Total films seen so far this year: 297
Films seen in the last week: Total Recall, The Myth of the American Sleepover, [REC 3]: Genesis, Keith Lemon: The Film, Eurocrime, Paura 3D, Under the Bed, Tulpa, Maniac, The Thompsons, Sleep Tight, American Mary, After, Chained, The Possession, Dredd, The Sapphires, Hysteria
FILM OF THE WEEK: BERBERIAN SOUND STUDIO
Trailerwatch: Seven Psychopaths (Red Band trailer)
Seven Psychopaths is writer-director Martin McDonagh's long-awaited follow-up to In Bruges. It stars Colin Farrell as screenwriter Marty, who gets drawn into the Los Angeles underworld after his dopey small-time crook friends (Sam Rockwell and Christopher Walken) kidnap a Shih Tzu dog belonging to a vicious gangster (Woody Harrelson).
Clearly there's a lot more to the film than is on display in the trailer, because, for one thing, I only count four psychopaths (Tom Waits' Zacariah Rigby is one of them), assuming that Colin Farrell's character is exempt from psychopath status. Still the trailer makes it look like a lot of fun and it's good to see a film finally putting Sam Rockwell's comedy skills centre stage again – he's been stuck with thankless support roles for too long now. The trailer isn't full of quite as much quality swearing as its NSFW red band designation would have you believe, but it's worth watching for Walken's twitchy outburst of “No fucking cops!” at the end and Farrell's “Well, that's just FUCKING GREAT!” freak-out at the 1m18s mark.
The imdb cast list promises that both Abbie Cornish and Olga Kurylenko are in the film (perhaps they are psychopaths five and six?), but you'd never know that from the trailer – I can't quite tell if the woman at 0m18s is Cornish or not, but I'm guessing it isn't. Also conspicuously absent from the trailer is everyone's favourite psychopath Zeljko Ivanek and if I was a betting man, he'd be my guess for psychopath number seven. (Highlight of the latest Bourne movie: the surprise reinforcement of the adage “Never trust Zeljko Ivanek”).
No confirmed UK release date for Seven Psychopaths yet, but hopefully it won't be too far away. Is its inclusion at the London Film Festival too much to hope for? We'll find out on Wednesday, when the programme is announced.
So, another FrightFest has come and gone (FrightFest the 13th, no less) and it's time for the annual post-mortem and general round-up. While the general feeling was that the overall line-up wasn't quite as strong as in previous years, they did at least manage to get in a good balance of material (FrightFest 2010, for example, didn't have a single comedy), with several comedies and documentaries scattered amongst the more traditional nasty stuff.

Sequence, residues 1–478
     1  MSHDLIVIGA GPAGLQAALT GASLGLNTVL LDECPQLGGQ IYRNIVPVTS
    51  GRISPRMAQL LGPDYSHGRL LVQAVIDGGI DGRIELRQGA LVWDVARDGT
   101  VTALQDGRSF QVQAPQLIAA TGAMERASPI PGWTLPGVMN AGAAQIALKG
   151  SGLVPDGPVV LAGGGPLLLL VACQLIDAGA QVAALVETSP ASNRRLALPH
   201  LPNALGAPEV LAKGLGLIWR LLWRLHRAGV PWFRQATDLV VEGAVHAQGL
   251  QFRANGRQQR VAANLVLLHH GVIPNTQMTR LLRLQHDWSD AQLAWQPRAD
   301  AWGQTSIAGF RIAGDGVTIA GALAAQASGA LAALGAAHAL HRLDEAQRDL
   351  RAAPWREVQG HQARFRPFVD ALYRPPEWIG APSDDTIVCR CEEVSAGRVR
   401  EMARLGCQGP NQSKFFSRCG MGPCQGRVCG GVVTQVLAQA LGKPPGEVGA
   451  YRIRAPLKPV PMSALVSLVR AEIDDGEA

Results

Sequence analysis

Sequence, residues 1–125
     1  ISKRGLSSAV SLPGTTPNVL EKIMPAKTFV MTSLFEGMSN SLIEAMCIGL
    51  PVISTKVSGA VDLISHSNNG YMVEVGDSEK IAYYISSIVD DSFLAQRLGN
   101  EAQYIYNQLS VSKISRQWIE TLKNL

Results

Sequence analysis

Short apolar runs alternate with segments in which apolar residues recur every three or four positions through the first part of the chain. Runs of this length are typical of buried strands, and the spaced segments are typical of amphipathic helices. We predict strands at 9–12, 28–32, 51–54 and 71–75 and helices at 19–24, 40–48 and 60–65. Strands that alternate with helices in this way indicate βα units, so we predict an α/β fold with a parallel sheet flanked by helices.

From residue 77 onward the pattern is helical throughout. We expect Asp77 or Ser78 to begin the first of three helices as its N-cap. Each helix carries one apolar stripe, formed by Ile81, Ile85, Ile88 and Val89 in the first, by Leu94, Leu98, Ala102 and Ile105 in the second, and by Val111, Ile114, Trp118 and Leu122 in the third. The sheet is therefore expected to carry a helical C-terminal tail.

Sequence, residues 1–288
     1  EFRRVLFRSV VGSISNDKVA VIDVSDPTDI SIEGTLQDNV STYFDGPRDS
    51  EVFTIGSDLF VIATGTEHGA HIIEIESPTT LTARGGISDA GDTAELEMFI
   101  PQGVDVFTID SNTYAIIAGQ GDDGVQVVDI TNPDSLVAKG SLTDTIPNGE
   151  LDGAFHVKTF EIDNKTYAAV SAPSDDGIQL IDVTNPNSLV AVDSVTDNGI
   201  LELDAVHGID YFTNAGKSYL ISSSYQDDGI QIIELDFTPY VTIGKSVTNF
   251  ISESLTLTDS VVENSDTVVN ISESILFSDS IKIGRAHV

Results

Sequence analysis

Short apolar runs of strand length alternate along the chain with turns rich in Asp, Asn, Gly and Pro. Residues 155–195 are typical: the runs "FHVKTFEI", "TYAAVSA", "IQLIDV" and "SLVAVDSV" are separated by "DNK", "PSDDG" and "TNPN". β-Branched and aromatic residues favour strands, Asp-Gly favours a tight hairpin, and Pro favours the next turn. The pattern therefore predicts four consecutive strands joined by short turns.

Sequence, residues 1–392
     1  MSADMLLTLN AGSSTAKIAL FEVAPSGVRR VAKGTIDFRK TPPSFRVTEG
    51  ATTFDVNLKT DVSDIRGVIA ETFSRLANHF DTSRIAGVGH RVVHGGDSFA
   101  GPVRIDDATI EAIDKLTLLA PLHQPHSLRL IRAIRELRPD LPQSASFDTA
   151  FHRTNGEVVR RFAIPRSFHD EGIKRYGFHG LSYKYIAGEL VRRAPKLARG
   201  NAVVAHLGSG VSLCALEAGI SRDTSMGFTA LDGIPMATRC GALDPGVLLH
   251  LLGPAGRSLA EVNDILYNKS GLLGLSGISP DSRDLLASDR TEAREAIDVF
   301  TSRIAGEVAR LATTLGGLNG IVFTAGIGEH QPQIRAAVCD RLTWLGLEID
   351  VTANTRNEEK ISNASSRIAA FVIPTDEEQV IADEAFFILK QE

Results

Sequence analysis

I actually only saw eleven films at the festival this year (twelve if you count the press screening of [Rec 3]: Genesis, which was on the Friday), which is rather poor compared to the seventeen I saw last year. However, my overall FrightFest total is 20, if you count the four films I saw in Edinburgh (Berberian Sound Studio, V/H/S, Grabbers and Guinea Pigs), as well as the five films I saw at press screenings beforehand (Cockneys vs Zombies, Stitches, Sinister, Tower Block, REC3).
I count myself rather lucky this year in that, not having a pass or tickets for everything as I've had in previous years, I ended up missing out on some of the worst films there – nothing I heard about films like The Seasoning House, The Inside or Hidden in the Woods has persuaded me to check them out in the future, for example, with several people citing them as some of the worst films they've ever seen (and not in a good way).
There was also a general feeling that perhaps there was a little too much misogyny and general nastiness up on screen this year and, for FrightFest, that's really saying something. Still, the festival did throw up its usual diet of treats in the form of trailers (I can't wait to see Bait 3D), specially filmed promos and on-stage interviews.
Highlights included Paul Davis' very funny short Him Indoors (starring Reece Shearsmith) and a great on-stage interview with effects guru Greg Nicotero, who was given a FrightFest Lifetime Award.
The guest line-up was pretty impressive this year too, with several film-makers sticking around to watch other people's films (this almost never happens at festivals). However, the undisputed highlight of FrightFest 2012 – for me and pretty much everyone who met them – was the attendance of Jen and Sylvia Soska (aka The Soska Twins), whose film American Mary was one of the undisputed hits of the festival. I also got to meet American Mary star Katharine Isabelle (Ginger Snaps), so that was nice. As for the film's themselves, my FrightFest Top Five is as follows:
1. Sleep Tight (terrific Spanish stalker chiller starring Luis Tosar)
2. Berberian Sound Studio
3. American Mary (the Soska Twins)
5. A tie between documentary Eurocrime and Jennifer Lynch's Chained
Special mentions to: Cockneys vs Zombies, [REC 3]: Genesis, V/H/S, Maniac and The Possession. I've also heard brilliant things about We Are The Night, which I intend to watch very soon indeed.